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Cerebrospinal fluid lactate and pyruvate concentrations and ratio in healthy adult dogs
  1. A. Galán-Rodríguez, DVM, PhD1,2,
  2. B. E. Carletti, DVM1,
  3. J. Morgaz-Rodríguez, DVM, PhD1,2,
  4. A. Gamito-Gómez, DVM1,2,
  5. P. Muñoz-Rascón, DVM1,2 and
  6. E. M. Martín-Suárez, DVM, PhD1,2
  1. 1Department of Animal Medicine and Surgery, University of Córdoba, Córdoba, 14014, Spain
  2. 2Teaching Veterinary Hospital, University of Córdoba, Córdoba, 14014, Spain
  1. E-mail for correspondence: pv2garoa{at}uco.es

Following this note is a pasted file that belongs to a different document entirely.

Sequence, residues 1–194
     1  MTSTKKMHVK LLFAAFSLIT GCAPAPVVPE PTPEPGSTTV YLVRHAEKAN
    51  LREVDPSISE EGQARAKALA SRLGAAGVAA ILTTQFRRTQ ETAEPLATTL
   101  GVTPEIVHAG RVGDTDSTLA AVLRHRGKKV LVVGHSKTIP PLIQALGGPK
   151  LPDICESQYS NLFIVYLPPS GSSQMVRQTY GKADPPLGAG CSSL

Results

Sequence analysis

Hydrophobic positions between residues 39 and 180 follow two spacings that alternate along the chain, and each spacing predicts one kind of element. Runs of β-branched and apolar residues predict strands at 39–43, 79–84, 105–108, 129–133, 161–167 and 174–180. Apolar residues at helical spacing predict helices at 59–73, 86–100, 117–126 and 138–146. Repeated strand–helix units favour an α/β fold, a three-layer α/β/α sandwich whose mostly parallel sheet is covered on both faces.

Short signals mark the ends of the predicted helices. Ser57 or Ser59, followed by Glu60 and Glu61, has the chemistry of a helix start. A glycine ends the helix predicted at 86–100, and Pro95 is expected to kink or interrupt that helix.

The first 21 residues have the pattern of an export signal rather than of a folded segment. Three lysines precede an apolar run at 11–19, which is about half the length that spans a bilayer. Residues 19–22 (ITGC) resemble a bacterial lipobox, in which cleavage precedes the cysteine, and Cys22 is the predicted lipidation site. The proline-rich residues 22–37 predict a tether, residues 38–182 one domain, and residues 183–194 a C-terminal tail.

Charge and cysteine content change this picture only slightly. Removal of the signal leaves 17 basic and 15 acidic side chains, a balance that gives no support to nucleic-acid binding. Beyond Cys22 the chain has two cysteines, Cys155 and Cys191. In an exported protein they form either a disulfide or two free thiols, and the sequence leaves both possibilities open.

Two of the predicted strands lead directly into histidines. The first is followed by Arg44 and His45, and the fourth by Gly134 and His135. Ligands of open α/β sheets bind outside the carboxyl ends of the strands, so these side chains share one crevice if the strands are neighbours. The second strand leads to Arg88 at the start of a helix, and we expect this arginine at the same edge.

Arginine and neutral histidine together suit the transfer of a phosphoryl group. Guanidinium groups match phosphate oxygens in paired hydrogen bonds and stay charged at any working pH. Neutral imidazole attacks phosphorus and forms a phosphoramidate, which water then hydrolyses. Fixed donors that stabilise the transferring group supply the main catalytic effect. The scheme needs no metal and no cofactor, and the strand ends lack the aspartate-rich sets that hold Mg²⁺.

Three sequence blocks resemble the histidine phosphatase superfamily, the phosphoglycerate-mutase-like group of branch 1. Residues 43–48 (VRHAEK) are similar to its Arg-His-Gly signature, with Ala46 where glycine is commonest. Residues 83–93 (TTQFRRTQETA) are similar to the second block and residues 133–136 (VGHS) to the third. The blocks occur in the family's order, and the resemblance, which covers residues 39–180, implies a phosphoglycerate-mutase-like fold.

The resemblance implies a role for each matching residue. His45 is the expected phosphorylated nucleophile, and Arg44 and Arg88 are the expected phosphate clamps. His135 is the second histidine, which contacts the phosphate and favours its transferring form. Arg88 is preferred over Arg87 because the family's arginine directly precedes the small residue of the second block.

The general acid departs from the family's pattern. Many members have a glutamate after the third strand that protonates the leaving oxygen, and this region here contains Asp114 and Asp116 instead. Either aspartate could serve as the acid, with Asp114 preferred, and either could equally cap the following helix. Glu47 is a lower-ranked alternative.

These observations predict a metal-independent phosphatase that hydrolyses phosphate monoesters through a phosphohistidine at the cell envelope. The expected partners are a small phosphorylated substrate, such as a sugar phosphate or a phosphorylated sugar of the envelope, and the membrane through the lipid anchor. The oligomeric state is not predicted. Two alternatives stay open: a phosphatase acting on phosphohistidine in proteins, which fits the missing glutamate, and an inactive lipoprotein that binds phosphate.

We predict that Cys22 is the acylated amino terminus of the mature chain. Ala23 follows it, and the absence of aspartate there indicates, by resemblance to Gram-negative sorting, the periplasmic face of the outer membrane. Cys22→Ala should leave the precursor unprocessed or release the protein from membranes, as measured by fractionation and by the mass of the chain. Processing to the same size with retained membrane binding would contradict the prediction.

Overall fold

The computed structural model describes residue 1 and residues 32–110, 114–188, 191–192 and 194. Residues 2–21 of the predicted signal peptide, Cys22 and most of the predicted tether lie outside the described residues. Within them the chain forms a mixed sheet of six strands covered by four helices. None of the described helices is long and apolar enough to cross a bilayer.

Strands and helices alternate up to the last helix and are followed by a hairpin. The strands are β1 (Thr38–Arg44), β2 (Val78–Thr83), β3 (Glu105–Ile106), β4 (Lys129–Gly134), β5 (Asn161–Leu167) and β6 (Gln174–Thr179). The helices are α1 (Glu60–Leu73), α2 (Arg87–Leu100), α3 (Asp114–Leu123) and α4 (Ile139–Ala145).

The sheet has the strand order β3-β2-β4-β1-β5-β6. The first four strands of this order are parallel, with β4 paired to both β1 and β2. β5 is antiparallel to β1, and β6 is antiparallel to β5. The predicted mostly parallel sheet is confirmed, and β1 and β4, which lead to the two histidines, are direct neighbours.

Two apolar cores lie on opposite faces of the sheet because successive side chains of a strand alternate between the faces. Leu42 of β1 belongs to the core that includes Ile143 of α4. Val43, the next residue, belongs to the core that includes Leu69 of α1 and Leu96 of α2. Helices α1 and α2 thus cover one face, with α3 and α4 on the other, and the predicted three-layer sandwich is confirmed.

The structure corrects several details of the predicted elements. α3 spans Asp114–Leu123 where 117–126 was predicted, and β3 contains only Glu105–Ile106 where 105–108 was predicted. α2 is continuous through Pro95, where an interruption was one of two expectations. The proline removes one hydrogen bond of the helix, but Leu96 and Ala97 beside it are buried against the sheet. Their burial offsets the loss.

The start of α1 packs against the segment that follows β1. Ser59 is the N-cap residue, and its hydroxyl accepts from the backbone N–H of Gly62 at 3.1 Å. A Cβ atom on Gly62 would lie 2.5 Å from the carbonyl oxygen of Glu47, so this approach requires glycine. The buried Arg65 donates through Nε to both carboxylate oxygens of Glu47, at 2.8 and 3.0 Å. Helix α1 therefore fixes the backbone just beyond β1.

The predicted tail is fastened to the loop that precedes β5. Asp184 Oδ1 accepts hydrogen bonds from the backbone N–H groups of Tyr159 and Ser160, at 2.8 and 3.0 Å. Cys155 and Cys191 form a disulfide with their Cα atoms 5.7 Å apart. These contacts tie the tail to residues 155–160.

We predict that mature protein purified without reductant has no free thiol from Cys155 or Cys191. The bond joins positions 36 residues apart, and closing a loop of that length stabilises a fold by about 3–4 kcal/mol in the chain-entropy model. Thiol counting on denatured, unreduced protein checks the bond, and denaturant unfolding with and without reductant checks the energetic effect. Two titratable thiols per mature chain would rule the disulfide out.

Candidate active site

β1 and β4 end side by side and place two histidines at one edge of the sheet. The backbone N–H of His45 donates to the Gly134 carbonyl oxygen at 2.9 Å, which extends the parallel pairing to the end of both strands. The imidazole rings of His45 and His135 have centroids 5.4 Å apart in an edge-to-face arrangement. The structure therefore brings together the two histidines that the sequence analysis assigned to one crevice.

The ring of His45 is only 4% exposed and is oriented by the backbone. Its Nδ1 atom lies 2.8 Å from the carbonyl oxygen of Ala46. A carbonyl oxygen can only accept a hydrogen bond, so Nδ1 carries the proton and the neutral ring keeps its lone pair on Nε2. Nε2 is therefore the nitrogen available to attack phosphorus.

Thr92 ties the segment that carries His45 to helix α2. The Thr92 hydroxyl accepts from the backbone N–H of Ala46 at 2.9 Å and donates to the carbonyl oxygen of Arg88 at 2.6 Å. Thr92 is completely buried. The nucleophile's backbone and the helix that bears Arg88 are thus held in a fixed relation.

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Cerebrospinal fluid (CSF) analysis is an important tool for the diagnostic work-up of many neurological disorders in humans and animals (Platt and Olby 2008). Alterations in CSF levels of different neurotransmitters, enzymes and neuronal metabolic substrates have been found in different diseases affecting the CNS in dogs and cats (Di Terlizzi and Platt 2006). CSF lactate, pyruvate and lactate/pyruvate ratio (L/P ratio) have been proposed as biomarkers of brain energy metabolism (BEM) in humans (Parnetti and others 2000, Benoist and others 2003, Djukic and others 2012) and dogs (Sugi and others 1975, Pugliese and others 2005). Changes in concentration of these metabolites have been observed when oxidative damage, brain hypoxia or mitochondrial damage is present (Sugi and others 1975, Benoist and others 2003, Pugliese and others 2005). In humans, CSF levels of non-specific neuronal metabolic substrates, such as pyruvate and lactate, are increased in Alzheimer disease and vascular dementia (Lying-Tunell and others 1981, Parnetti and others 2000). Similarly, increases in lactate and pyruvate concentration have been described in dogs with severe canine cognitive dysfunction, which could be a reflection of altered BEM (Pugliese and others 2005). In human beings, CSF lactate levels have been reported in several CNS diseases like infectious meningitis and lymphoma (Cunha 2011). In dogs, changes in CSF lactate levels have been associated with intervertebral disk herniation (Löbert and others 2003, Witsberger and others 2012) and cerebral ischaemia or infarction (Yin and others 2002). To date, some studies have evaluated BEM biomarkers in different pathologic processes affecting the CNS, however, reference ranges for lactate, pyruvate and L/P ratio in adult healthy dogs are limited and variable (Sugi and others 1975, Löbert and others 2003, Pugliese and others 2005). The aim of this study is to contribute to establish …

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